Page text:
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Jonathan Kellerman was a child psychologist before becoming a full-time novelist. He is married to the writer Faye Kellerman and they live in Los Angeles with their four children.
Readers will find this latest installment in the Alex Delaware series (e.g., The Clinic, LJ 10/15/96) entertaining despite the author's tendency to overdescribe settings at the expense of character development. The psychologist again helps his friend, detective Milo Sturgis, solve a cold case: a deaf and mildly retarded Israeli girl, the daughter of a diplomat, is strangled in a park, and the letters "D-V-L-L" are found on a scrap of paper in her pocket. Authorities have failed to come up with a suspect or any leads, so the victim's father brings in a detective of his own, the great Daniel Sharavi, from Kellerman's The Butcher's Theater (Bantam, 1988). Over 200 pages later, Delaware finally goes undercover to infiltrate a sinister MENSA-like organization, and the ends of this plot, filled with psychopathic cops and pseudo-scientific racists, are (too neatly) tied up. Despite the book's flaws, Kellerman fans and readers seeking an intelligent thriller should enjoy this. Recommended for all public libraries.‘Laurel A. Wilson, Alexandrian P.L, Mount Vernon, Ind.
Why is it so hard to put down a Kellerman thriller, even though they're strewn with red herrings, the coincidences demand grand suspensions of disbelief and the main characters‘psychologist Dr. Alex Delaware; his lover, Robin; his best friend, gay L.A. detective Milo Sturgis‘are so predictable? It's simple: the nonstop action leaves you breathless; the plot twists keep you guessing; the themes (eugenics, this time) are provocative. Milo asks Alex to help solve the murder of Irit Carmeli, the deaf, slightly retarded teenaged daughter of an Israeli diplomat. They identify three similar cases in which retarded or handicapped victims are found with the enigmatic legend "DVLL" written near the body. Meanwhile, Alex counsels Helena Dahl, whose brother, a cop, may have been involved with Meta, an organization whose members have high IQs, just before he killed himself. When Alex and Milo discover a link between "DVLL" and neo-fascist Meta in the alleged suicide of a genius scientist, the "DVLL" and Dahl cases entwine. The coincidence is quite a stretch; but by the time it unfolds, readers are hooked enough to accept it, just as they're likely not to question Alex's going undercover for the police. As an added bonus, Israeli detective Daniel Sharavi, the astute protagonist of Kellerman's non-Delaware mystery (The Butcher's Theater, 1988), returns as a valuable partner in this typically complicated, exciting Kellerman page-turner. (Nov.)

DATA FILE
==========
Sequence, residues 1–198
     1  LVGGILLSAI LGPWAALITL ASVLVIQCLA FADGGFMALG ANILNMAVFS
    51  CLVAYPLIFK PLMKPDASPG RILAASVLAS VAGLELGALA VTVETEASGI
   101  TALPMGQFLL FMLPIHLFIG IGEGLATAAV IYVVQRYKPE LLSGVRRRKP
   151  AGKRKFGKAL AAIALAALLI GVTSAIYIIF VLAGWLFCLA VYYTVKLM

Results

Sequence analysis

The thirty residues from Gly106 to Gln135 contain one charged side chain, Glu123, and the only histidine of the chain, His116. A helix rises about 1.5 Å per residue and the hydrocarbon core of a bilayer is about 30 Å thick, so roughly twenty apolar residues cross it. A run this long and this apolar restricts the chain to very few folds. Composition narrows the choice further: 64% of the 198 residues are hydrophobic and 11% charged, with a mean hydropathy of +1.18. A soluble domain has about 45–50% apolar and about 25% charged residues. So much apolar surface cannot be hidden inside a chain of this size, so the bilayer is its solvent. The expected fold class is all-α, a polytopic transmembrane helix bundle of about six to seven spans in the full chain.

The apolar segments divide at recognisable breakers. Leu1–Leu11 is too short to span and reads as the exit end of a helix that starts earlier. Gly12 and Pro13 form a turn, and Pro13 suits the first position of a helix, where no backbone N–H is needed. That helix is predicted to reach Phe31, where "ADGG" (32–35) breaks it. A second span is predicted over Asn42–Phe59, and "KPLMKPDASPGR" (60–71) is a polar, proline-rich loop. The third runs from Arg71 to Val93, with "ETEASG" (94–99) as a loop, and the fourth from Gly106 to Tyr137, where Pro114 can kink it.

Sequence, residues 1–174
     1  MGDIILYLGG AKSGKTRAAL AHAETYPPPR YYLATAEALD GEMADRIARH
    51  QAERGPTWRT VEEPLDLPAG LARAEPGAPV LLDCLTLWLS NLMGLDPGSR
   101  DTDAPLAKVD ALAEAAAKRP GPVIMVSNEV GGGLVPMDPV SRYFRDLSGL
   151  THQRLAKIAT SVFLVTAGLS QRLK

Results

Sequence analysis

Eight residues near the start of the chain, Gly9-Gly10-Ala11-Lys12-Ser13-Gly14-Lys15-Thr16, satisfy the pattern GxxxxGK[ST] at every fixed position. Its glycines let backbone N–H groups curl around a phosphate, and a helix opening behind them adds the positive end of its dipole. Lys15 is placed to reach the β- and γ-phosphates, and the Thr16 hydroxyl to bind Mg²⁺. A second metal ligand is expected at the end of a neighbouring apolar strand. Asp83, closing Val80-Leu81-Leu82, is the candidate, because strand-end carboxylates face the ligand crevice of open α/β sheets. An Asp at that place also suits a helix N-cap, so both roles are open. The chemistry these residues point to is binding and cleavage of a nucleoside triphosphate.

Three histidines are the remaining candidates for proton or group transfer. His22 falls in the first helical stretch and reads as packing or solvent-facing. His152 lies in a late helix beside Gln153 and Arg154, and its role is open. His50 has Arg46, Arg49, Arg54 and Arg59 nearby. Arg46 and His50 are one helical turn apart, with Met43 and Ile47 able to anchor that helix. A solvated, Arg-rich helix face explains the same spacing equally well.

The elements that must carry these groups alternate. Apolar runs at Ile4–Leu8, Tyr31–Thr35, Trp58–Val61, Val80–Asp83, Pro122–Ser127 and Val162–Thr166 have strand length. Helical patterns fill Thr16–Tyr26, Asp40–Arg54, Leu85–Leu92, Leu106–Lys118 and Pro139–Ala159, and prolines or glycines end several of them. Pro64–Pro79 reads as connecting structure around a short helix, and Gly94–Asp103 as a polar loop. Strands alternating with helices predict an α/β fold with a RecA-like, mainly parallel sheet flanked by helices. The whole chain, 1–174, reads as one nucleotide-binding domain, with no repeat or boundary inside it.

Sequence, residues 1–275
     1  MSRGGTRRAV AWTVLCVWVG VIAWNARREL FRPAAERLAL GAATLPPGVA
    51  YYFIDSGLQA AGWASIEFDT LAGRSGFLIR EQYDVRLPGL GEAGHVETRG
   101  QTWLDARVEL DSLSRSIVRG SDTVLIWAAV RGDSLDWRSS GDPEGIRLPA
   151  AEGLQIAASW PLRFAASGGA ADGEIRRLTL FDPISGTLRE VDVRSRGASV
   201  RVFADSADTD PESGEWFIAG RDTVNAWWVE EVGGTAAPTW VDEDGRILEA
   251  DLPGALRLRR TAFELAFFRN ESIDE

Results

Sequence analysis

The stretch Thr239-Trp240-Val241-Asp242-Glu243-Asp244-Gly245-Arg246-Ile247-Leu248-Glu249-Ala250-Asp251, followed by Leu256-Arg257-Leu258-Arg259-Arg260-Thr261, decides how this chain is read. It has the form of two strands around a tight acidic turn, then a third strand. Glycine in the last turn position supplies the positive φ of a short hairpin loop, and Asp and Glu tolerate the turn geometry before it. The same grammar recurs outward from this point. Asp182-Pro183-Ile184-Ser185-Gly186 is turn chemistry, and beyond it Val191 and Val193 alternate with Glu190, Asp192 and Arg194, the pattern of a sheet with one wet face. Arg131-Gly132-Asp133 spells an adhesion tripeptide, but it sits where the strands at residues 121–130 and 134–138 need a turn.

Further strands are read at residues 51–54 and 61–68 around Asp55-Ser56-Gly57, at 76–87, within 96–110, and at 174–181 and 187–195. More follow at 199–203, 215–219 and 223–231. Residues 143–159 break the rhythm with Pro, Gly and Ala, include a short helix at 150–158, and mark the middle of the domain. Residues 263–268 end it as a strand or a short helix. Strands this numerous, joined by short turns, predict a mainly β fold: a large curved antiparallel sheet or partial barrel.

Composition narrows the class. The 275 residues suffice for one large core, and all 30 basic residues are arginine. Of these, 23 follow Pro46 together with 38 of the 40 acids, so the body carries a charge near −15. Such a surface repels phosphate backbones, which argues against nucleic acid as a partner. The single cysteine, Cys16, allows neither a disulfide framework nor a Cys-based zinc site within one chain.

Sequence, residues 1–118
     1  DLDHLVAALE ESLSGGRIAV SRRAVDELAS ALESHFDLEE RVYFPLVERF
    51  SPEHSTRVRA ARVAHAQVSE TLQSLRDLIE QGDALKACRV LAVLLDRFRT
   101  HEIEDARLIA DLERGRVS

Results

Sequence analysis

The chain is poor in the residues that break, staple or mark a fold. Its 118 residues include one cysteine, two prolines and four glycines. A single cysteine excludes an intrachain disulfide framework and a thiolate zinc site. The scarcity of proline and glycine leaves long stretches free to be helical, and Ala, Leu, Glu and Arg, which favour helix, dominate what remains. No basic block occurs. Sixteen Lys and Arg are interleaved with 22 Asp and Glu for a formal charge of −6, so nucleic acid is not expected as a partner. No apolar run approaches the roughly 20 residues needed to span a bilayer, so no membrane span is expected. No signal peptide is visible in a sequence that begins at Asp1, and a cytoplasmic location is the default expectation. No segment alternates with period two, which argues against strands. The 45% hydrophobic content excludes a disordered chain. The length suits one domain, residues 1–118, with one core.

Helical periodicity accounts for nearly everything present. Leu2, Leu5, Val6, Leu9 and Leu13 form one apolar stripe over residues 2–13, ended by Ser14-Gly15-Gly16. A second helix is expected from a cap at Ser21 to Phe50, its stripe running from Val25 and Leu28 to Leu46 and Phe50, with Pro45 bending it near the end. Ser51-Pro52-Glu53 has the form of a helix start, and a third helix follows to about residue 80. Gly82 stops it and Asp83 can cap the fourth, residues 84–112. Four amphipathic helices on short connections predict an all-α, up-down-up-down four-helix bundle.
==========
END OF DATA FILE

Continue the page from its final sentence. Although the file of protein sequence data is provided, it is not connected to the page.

Simply too good to miss STEPHEN KING Fast-paced, well thought out, with an unexpected denouement SUNDAY TELEGRAPH Kellerman never fails to maintain interest, and I found this one a particularly good example of his work. IRISH TIMES Inspried and entirely credible detective work... Required reading. LITERARY REVIEW